Change is in the air, however. For one thing, the present U.S. approach to crime-fighting is hugely expensive. A year in prison costs state taxpayers an average of $31,000. In California, the cost rises to $47,000, thanks to higher health costs and a powerful prison-guard union. Other democracies have achieved considerable crime reduction since the early 1990s without imprisoning anything like so many people. Look at the U.K. for example: Britain imprisons only 85,000 people, as compared to more than 2.2 million in the United States. Australia and Canada show similar trends, likewise with smaller prison populations.
Imprisoning very large numbers of people also carries heavy non-economic costs. Men who are sent to prison face tremendous difficulty returning to the job market. They lose contact with their children, if they have them, who in turn are much more at risk of going to prison. Every aspect of the criminal-justice system reveals racial disparity. 60 percent of those in prison are black or Latino. One in three black men will pass through prison at some point in his life. Black ex-convicts face permanently lower lifetime wages as compared to white ex-convicts.
So it’s understandable that politicians from Hillary Clinton to Rand Paul would call for a different approach. But what?
Imprisonment rates are already declining, down from a peak in 2007. The majority of people in state prison, more than 53 percent, have been convicted of a violent crime: murder, rape, or robbery. Only about 3.7 percent of the state prison population has been sent there for drug possession alone. (In the much smaller federal system, drug offenses loom larger—but federal drug prisoners are overwhelmingly professional drug dealers, not casual possessors.)
Putting such people in prison and keeping them there is a harsh, crude, and expensive way to protect society from them. But the suggestion that less prison would leave society no less safe is dangerously glib. The last time the political pendulum swung away from incarceration—in the liberal decade from 1960 to 1970, the total number of prisoners dropped outright, and much more in relation to population—the country got in return the most serious crime wave since Prohibition.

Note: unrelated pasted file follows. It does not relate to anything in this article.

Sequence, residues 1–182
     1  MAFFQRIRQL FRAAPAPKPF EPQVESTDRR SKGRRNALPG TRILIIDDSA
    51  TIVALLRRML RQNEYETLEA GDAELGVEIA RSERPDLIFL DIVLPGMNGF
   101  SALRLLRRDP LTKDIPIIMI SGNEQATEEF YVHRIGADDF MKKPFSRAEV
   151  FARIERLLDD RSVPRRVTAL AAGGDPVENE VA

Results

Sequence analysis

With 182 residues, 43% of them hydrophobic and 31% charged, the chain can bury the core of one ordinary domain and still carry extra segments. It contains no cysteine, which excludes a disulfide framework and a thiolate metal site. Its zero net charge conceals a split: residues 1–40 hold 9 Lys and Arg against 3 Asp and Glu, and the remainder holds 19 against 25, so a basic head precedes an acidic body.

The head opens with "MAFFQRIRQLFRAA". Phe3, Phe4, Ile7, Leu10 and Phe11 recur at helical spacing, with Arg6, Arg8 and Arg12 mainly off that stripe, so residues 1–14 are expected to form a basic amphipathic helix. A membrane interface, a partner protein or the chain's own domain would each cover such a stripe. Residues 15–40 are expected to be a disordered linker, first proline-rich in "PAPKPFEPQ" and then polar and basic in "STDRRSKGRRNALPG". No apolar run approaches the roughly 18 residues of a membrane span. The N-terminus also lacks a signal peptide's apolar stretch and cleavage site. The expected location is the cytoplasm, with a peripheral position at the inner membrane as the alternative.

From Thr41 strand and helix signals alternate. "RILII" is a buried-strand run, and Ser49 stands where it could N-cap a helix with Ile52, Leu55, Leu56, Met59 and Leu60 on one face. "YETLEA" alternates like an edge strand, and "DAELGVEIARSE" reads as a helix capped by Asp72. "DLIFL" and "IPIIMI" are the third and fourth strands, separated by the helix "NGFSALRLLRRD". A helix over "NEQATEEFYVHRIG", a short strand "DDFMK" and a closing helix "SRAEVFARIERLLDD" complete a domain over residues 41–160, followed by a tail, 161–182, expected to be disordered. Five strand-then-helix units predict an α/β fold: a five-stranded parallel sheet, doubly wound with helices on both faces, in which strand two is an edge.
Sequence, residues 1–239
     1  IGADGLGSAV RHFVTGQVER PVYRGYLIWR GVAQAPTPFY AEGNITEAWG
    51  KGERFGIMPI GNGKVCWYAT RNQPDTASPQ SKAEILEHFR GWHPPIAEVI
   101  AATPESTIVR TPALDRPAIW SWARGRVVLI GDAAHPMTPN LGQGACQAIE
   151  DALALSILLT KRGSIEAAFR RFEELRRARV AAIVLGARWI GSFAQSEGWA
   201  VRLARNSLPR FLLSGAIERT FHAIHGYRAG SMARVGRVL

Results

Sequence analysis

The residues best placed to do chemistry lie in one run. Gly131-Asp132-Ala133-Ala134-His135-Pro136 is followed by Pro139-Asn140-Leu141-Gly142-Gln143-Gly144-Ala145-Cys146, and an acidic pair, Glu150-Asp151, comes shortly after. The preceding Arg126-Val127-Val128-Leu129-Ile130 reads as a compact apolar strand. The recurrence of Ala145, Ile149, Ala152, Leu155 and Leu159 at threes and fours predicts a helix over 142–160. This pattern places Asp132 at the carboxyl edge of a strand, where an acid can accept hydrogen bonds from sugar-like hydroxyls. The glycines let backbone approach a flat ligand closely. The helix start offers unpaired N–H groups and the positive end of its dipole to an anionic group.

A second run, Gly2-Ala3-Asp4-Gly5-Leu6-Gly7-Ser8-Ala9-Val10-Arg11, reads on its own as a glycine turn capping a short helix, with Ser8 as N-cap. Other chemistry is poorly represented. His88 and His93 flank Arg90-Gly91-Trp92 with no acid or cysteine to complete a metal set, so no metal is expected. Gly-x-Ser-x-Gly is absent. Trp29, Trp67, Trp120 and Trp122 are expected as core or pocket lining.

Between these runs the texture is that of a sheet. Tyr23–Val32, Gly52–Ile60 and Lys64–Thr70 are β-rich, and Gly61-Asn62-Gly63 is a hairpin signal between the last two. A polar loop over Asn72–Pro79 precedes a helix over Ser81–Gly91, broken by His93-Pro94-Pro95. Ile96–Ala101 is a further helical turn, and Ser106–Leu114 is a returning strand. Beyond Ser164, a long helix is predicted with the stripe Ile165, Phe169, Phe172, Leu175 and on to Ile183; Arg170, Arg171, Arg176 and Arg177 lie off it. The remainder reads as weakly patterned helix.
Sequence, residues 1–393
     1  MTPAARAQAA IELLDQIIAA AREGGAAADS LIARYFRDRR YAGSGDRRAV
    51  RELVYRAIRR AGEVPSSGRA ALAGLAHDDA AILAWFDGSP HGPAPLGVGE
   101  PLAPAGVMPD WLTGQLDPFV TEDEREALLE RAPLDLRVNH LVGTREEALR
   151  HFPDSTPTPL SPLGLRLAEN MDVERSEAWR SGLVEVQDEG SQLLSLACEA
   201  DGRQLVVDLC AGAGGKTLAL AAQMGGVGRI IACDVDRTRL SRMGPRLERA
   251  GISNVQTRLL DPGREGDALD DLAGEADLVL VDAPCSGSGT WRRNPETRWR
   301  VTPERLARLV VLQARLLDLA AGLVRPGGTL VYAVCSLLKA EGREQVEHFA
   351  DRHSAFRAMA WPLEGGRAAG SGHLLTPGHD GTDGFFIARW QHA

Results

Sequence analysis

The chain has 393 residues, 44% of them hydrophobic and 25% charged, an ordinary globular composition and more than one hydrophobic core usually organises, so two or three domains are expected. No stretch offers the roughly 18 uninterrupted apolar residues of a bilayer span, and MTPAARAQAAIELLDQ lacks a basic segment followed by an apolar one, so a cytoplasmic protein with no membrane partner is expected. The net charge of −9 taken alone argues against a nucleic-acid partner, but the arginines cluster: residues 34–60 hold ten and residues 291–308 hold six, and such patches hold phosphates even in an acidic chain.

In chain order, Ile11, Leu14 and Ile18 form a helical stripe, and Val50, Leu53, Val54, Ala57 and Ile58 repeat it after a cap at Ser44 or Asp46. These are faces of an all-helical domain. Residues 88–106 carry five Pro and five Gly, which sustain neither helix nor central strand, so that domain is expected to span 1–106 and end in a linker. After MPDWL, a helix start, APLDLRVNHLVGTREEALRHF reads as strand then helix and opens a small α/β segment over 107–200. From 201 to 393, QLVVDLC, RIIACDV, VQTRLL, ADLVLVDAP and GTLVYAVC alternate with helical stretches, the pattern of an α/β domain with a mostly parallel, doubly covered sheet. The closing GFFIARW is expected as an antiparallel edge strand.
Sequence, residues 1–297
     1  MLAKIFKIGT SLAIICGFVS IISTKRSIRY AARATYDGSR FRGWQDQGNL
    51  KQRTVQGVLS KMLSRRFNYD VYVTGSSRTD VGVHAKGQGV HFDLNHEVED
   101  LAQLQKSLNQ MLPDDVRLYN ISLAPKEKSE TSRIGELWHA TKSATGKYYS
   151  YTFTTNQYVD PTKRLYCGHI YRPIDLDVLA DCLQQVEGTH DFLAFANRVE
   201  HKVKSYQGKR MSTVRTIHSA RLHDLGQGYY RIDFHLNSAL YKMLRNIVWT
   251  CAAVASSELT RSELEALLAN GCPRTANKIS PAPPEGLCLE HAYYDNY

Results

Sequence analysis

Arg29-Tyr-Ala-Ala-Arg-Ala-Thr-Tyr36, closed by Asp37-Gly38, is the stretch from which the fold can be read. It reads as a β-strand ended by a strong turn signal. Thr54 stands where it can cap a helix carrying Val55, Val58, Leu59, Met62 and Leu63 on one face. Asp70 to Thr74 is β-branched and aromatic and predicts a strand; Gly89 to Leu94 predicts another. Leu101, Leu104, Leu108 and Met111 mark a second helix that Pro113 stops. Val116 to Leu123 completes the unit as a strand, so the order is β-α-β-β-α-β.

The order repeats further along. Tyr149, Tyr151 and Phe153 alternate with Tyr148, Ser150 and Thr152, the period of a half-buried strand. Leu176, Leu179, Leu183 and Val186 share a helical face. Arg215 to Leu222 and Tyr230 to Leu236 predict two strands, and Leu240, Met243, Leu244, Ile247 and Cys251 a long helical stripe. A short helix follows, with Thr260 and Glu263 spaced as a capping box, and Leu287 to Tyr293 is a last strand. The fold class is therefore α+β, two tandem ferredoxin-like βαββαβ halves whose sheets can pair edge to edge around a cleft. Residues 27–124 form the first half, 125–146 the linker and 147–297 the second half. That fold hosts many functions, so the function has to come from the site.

The advocates of de-incarceration in the 1960s believed they were acting generously. They recognized that individual criminals reflect larger social problems, racism most fundamentally. Young and poor black Americans, followed by the newer immigrant Latino Americans who are joining them at the bottom of the American social hierarchy, grow up in circumstances weighted against them in ways deeply rooted in American history. De-incarcerators argued then, and argue with renewed ardor now, that tossing malefactors into dungeons for decades does nothing to address the true causes of crime.
And surely they have a point. Yet while the history of discrimination contains powerful explanations of crime, it offers little guidance about what to do about crime. Even if racism shaped a murderer, anti-racism won’t undo the murder—or prevent the murderer from killing again. The first task of government is to protect the lives and property of citizens. Governments that cannot or will not perform that task forfeit their legitimacy—as will, by the way, any cause or movement that argues that citizens must accept a higher risk of violence or robbery as their contribution to somebody else’s ideal of justice.
Diverting people from prison where we can is the right thing to do. Testing shorter sentences and easier parole for less dangerous offenders is feasible in today’s successful crime-fighting context. Prisons must be made more humane, and prison rape should be addressed as the national shame and scandal it is. Easing the return of prisoners to society—and mentoring their families until the prisoner returns—should be a front-of-mind issue for charities and philanthropy. But given how poorly we understand why and how crime was reduced in the first place, the debate about de-incarceration should proceed with caution and humility. Mass incarceration is bad. Mass-criminal victimization is worse.
And for those who think politically, a reminder: It was crime more than anything else that sent the country hurtling to the right in the 1970s. It was the decline of crime that enabled the revival of the liberal left in the 2000s. The fate that Hillary Clinton is tempting with her about-face on crime and punishment—it may be her own.